Your spiritual gifts are not to be hoarded or let lie dormant. You’re to use them, to put them into action, to give them away. God has given you a unique personality and a unique set of gifts, and these are to be poured into other people, so that they may be built up.

In 1 Corinthians 12:7 we read about spiritual gifts:

To each is given the manifestation of the Spirit for the common good.

God wants to do good to his people and his church through the gifts he’s given you. Don’t hold them back. Don’t let them atrophy by not using them. Spend your gifts on the church.

To Benefit From the Gifts of Others

The wonderful truth is, no Christian is a one man show. God has made us to need other Christians. He has deliberately withheld spiritual gifts from us and given them to others, to build us into and make us dependent on others. Using the illustration of the body, Paul says:

The eye cannot say to the hand, ?I have no need of you,? nor again the head to the feet, ?I have no need of you.?

Each of us is only a part of the body of Christ. And just as an eye can’t survive apart from the rest of the body, you can’t survive spiritually apart from the spiritual gifts of others. You need the brother who excels in encouragement, and the sister who is full of mercy toward others.

Apart from the spiritual gifts of others, you simply won’t thrive in your spiritual life.

Go to church to give yourself away, and go to church to receive the gifts of others.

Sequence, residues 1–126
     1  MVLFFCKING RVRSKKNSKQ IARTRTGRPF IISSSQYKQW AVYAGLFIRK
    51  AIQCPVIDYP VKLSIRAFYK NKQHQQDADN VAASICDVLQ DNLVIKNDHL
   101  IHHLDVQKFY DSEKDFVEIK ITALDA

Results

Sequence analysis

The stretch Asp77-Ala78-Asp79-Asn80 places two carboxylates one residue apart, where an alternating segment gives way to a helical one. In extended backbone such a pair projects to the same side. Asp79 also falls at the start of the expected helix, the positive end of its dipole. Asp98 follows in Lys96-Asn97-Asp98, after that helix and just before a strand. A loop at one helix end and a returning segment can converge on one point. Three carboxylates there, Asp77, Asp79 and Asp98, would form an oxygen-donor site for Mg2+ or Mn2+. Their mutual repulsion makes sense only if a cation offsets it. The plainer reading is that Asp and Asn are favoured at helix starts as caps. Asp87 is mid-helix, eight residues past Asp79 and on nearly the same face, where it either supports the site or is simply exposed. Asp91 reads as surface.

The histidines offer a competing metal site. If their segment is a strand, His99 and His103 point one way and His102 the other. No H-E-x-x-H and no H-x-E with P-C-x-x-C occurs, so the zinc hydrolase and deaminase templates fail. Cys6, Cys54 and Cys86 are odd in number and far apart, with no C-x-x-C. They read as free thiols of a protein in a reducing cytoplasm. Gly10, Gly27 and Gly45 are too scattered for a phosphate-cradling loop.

Sunday Is Coming!

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Do Sunday’s really matter, or is it just another day of the week?

Why do we go to church? Why do we make so much effort week after week? Why not just read the Bible in Starbuck’s by myself or take a prayer hike through the woods? Why all the fuss for some singing, some words from the pulpit, and a quick conversation with a friend?

Because Sunday is a sacred day. Here’s why…

We Proclaim the Power of the Gospel

Those who don’t know Jesus Christ live out their lives in a sinful bubble, hating and being hated (Titus 3:3). The world is ruled by cliques, divisions, racism, arrogance, and selfishness. But through the gospel, God is creating a new people for himself, a people bought with blood and united by the Holy Spirit.

When we gather on Sunday we are saying to the world, “Look what God is doing!” When Whites, African-Americans, Asians, bankers, construction workers, salesmen, homemakers, and nurses come together to worship, we are demonstrating the reconciling power of the gospel to a watching world.

We Proclaim the Death of Christ

In 1 Corinthians 11:26, Paul writes to the church:

For as often as you eat this bread and drink the cup, you proclaim the Lord?s death until he comes.

To proclaim something implies that we are proclaiming to someone else. When we eat the bread and drink the juice/wine, we’re proclaiming to each other that Jesus Christ has shed his blood for the forgiveness of sins. We’re also saying to the world that the blood of Christ can wash away all their sins and bring them into covenant with God.

We can’t proclaim in the privacy of our living rooms. We take communion together, we remember together, we proclaim together. That’s why Sundays matter.

TO BE CONTINUED…